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but you should send it to the list, too, or Simon will not be able to
David Megginson wrote:
> Stephan Wiesner wrote:
>> I wrote my diploma thesis in DocBook, using Open Source Editor JEdit.
>> I used the editor to write my Java code too. And my documentation of
>> course. In 6 month it did not crash once and I did not have to recover
>> a single backup of my thesis. Put it into CVS, nevertheless, just to
>> be sure. You can be sure that I knew a lot of shortcuts for this
>> editor at the end, making me really productive in it (still trying to
>> reach that level in Eclipse and failing miserably).
> That brings back memories. Back in the late 1980's and early 1990's, I
> wrote my doctoral dissertation using Emacs, initially in LaTeX, but
> finally in TEI SGML (converted to LaTeX via make and a custom Perl
> script). The initial learning and setup time repaid itself over and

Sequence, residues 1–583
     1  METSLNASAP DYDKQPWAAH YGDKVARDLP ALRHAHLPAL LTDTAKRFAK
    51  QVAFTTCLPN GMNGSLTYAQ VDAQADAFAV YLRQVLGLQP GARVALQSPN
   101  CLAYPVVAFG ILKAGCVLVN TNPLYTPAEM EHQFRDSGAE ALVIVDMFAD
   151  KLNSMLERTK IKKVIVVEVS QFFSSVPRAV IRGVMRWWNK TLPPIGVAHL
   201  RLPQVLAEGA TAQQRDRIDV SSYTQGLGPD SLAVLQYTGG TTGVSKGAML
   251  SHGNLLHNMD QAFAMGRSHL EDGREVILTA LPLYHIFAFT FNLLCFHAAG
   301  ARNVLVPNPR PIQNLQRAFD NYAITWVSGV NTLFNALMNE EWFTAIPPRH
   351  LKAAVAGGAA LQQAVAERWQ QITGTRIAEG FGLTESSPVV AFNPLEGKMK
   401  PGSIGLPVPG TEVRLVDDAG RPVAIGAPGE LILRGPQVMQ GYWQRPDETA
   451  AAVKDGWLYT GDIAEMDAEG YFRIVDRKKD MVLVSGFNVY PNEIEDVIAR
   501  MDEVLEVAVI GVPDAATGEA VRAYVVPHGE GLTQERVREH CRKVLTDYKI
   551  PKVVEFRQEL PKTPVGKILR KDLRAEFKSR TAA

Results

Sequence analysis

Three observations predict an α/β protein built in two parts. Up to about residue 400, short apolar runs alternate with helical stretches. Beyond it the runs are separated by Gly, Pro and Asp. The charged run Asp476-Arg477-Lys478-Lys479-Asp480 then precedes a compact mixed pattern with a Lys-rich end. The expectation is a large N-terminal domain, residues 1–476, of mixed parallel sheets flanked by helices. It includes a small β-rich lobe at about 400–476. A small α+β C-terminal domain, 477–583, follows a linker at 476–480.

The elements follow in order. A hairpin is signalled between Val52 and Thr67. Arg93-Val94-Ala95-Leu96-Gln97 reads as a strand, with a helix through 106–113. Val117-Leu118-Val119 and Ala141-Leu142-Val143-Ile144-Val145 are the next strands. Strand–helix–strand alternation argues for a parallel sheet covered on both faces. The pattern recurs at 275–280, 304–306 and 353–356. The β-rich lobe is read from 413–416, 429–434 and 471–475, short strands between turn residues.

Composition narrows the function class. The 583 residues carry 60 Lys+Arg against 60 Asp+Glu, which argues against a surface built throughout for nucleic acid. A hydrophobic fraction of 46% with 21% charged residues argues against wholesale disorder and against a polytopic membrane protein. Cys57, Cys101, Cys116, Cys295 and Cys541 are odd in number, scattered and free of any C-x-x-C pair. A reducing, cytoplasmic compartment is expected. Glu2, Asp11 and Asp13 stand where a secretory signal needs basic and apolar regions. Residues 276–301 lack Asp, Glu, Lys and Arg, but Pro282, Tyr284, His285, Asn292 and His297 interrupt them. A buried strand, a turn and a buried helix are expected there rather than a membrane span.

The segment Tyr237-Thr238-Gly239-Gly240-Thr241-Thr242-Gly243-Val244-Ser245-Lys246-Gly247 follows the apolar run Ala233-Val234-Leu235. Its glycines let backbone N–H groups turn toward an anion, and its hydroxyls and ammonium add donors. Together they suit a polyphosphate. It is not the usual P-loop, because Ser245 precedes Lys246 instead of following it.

> over again. After I got my first teaching job in 1992, I tried
> repeatedly over the next few years to write research papers (or even
> just class handouts) in Word but failed miserably each time, what with
> the crashes, style madness, awkward GUI interface (click click click
> click click), and so on.
> Over a decade later, Emacs remains my editor and IDE of choice, though
> just yesterday I switched to reading mail and news in Mozilla (we'll see
> if that lasts; in the past, I've always gone back to Emacs after a few
>> I keep promising myself that if I ever become a famous author I will
>> force my publisher to allow me to write in XML . . .
> While you're waiting to become famous, try finding an XML-friendly
> publisher. My own publisher, Prentice-Hall, is happy to accept
> manuscripts in XML (at least for the technical division), and I'm pretty
> sure that O'Reilly is as well (right, Simon?).
> All the best,